If you are making your way through New York’s Time Square very late one evening this month, you may see the LED boards around the area suddenly fill up with flowers, in an art project called Midnight Moment.
At 11:57 each night, the ad rotation changes over to public art for three minutes – and artist Jennifer Steinkamp’s video piece Botanic is running right now.
It’s an art program that’s been running for four years, put together by Times Square Arts since 2012, with support from the Times Square Advertising Coalition. Obviously, the big board owners would have to be cooperating to free up the time and sync up systems.
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In Steinkamp’s short, three-minute animation, flowering condolence plants slide slowly across the lit screens. As they tumble against the edges of the frame, they quietly scatter the components of their being, transforming into piles of leaves, petals, twigs, and seeds. “The opportunity to create artwork on such a grand scale within extreme iconic architecture is amazing for me,” Steinkamp says in an announcement released by Lehmann Maupin. “I am excited about my work being presented in this context, and the meaning that the artwork can lend to the context and vice versa.”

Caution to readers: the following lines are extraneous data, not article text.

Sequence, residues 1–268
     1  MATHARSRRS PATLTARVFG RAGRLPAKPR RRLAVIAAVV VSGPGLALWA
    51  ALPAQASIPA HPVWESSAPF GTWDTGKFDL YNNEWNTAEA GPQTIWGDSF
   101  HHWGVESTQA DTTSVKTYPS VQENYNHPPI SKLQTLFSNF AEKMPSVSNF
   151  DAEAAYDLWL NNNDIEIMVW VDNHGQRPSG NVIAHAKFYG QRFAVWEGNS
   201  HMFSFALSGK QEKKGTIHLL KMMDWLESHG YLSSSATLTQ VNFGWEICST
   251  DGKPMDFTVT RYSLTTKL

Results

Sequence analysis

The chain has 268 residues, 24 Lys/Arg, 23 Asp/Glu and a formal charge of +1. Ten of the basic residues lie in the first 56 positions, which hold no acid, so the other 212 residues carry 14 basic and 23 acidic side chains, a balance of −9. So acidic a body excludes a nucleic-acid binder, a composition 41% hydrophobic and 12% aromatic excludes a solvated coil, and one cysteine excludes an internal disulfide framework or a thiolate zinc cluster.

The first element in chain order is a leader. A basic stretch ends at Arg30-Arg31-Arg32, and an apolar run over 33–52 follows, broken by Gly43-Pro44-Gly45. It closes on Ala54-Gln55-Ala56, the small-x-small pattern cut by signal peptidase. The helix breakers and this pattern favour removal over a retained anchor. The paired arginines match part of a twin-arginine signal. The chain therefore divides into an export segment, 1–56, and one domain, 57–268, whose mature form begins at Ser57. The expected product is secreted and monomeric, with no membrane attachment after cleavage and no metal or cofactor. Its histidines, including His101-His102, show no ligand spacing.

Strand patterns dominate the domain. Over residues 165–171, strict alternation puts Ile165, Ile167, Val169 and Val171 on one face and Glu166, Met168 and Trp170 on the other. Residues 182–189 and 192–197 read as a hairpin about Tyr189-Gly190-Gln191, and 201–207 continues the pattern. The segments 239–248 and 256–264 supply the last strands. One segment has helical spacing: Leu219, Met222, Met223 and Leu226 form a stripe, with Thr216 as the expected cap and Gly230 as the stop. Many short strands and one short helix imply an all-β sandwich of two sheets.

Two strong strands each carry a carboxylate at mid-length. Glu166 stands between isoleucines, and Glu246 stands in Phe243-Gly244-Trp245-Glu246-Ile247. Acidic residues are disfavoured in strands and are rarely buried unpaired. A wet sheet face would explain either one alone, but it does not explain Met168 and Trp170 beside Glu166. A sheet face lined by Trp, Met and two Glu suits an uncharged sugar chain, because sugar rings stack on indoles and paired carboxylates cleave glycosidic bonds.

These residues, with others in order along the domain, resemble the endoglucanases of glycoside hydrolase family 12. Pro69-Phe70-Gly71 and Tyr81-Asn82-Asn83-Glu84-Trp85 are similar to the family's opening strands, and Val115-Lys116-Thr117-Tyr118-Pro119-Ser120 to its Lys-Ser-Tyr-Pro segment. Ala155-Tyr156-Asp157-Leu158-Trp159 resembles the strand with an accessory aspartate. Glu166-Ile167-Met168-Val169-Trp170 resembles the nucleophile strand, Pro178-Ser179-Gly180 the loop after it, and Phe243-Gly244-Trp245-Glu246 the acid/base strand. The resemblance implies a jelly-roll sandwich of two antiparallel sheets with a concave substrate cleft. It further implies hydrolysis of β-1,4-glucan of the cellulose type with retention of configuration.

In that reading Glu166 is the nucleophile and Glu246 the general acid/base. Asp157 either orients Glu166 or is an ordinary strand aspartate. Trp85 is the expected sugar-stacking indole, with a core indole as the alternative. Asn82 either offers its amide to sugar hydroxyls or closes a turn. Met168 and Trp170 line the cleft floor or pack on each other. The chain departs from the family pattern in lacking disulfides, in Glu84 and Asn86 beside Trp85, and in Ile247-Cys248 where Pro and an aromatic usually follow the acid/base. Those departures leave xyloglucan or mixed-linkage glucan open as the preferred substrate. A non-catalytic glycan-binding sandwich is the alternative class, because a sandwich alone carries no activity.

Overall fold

The neighboring architecture does indeed define the work. The screens may be huge, but the flowers seem trapped in a narrow space behind their flat surfaces, forced to break apart as they come into contact with the indomitable elements at their sides. The Bubba Gump, McDonald’s, and Forever 21 signs aren’t going anywhere, and several non-participating, flickering billboards are still vying for attention, trying to sell you a soda or George Clooney’s latest movie. The relief from the ads is only partial. It may be that no art is strong enough to unseat the powers that be here, and the giant plants, bouncing around overhead, point out those limits.
You can view video here …
The art work changes each month:
A year ago, Rafaël Rozendaal filled those same screens with kissing faces, and a couple of months ago, Lorna Mills made the sun rise at midnight. Such interventions have been organized by Times Square Arts since 2012, with support from the Times Square Advertising Coalition. In fact, this May marks the program’s fourth anniversary.
It’s great to see these big advertising machines take a visual break to run art, but it would be even greater if it wasn’t late at night, when a fraction of the potential audience might see it. Yes, 5PM is probably a peak time for ad rates, but would surrendering one or two instances of a spot in an endlessly rotating loop affect that? Dunno …